My mother-in-law makes unkind remarks; my husband says, “Ignore them”
3 October 2022 |
Dear Aunt Sevvy,
Every time I go to my in-laws’ house, my mother-in-law throws little passive-aggressive barbs my way about how I’m raising her grandchildren—most of them about food. Like she’ll say to the kids over dinner, “Sorry, Grandma doesn’t have all the prepackaged frozen foods you are accustomed to.” Or she’ll announce, “We’re having a meat-free meal tonight—I hope that’s OK with you after what you’re used to at home.” Or “Hey, settle down, you guys. You obviously were allowed too much sugar on the way over here.”
I want the children to love her (and they do—she has good qualities) but it must be clear even to them that Grandma disapproves of how the woman their dad married takes care of her family. My husband says, “Just ignore her,” but I get tired of being the butt of her remarks. What should I do?
It should not be you, but your husband, who stands up for you in this situation. He should not be okay with his mother’s making such remarks. This is his responsibility, and it is wrong for him to say, “Just ignore her.”
If he can’t or won’t stand up for you, then you can try these two steps.
First, you can talk directly and clearly to your mother-in-law. Approach her without judgment or defensiveness. State clearly that you and the kids love her and look forward to your time together, but some of the comments she makes hurt your feelings.
Use I statements like, “I feel hurt when you say things to the children about my cooking.” Listen genuinely and intentionally, because when people feel understood they are more likely to be open to listening to your side. It is possible she doesn’t understand the kinds of pressures you’re facing as a mother in this hectic modern world. Most of the young mothers I know are working full time and managing a household. Serving perfect homemade dinners to your family every night is mostly a thing of the past. You yourself may feel like you’re failing—but actually what you’re doing is really hard. Perhaps your mother-in-law has forgotten just how difficult it is.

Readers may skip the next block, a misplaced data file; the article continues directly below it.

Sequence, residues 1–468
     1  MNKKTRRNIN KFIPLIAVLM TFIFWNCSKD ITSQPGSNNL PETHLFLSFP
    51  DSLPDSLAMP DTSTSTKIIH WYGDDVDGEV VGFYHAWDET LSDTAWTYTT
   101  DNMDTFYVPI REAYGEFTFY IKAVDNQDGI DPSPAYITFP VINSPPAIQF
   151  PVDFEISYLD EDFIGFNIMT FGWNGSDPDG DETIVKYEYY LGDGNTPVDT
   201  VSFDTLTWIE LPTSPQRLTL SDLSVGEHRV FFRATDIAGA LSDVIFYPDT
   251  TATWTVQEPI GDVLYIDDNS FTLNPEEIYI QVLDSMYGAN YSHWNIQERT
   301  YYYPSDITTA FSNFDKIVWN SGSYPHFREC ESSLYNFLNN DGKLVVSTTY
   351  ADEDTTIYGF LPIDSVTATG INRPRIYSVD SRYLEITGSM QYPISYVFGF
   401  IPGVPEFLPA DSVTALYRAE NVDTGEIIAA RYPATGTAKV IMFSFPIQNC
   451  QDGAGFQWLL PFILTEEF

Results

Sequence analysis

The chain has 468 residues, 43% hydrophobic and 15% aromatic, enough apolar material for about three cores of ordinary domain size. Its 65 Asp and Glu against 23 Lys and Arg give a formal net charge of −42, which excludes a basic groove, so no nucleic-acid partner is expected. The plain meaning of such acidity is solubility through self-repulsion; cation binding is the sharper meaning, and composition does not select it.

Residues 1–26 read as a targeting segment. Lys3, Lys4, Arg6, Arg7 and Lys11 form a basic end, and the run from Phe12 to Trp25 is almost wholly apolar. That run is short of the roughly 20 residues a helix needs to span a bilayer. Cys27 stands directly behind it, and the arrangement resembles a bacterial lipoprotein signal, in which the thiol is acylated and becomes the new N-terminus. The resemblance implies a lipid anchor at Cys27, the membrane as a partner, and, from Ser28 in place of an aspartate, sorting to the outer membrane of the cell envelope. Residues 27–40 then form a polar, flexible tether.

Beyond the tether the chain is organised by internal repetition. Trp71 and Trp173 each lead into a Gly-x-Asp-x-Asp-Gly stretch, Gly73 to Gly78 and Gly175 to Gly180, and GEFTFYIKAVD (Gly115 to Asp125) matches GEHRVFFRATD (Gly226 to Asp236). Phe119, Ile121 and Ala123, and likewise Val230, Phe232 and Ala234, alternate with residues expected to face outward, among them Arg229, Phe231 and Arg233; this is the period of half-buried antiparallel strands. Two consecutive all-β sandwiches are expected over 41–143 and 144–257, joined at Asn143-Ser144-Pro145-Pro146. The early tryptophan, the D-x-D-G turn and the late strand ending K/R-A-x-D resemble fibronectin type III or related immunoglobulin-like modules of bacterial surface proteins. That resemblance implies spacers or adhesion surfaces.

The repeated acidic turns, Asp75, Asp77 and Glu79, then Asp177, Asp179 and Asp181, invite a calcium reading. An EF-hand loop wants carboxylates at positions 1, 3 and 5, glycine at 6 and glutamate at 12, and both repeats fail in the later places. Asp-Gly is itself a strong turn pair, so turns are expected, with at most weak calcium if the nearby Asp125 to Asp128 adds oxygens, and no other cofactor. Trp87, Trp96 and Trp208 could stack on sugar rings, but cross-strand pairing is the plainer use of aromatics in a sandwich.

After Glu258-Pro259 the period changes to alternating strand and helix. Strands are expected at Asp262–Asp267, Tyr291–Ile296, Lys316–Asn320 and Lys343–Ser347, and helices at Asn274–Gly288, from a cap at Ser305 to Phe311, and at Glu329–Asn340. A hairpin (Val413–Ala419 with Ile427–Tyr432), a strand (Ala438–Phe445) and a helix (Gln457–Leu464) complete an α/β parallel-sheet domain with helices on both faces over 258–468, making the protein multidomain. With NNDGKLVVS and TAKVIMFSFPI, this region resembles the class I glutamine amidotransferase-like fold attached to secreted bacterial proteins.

Here’s the next step: if she won’t listen, create some boundaries; then calmly, and lovingly, stick to them. State your boundaries clearly to her. Boundaries aren’t about being mean or cutting people off. They’re about changing behavior. If you can’t change your mother-in-law’s behavior through talking, you can change yours.
Boundaries are something like this: “If you make a negative comment about my cooking, or about how I care for my children, I will take my children home.” Then stick to it. If she makes a negative comment, even once, follow through—take your children and go home. Do it a few times. Hopefully she will learn quickly.
Again, it helps a lot if you have your husband on board for this.
These two steps are easier said than done. Dealing with the complications of family dynamics is never simple. You and your husband have some decisions to make.
You can write to Aunt Sevvy at DearAuntSevvy@gmail.com. Please keep questions or comments short. What you send us at this address won’t necessarily be, but could be, published—without identifying the writer. Aunt Sevvy writes her own column, and her opinions are not necessarily those of Adventist Today’s editors.
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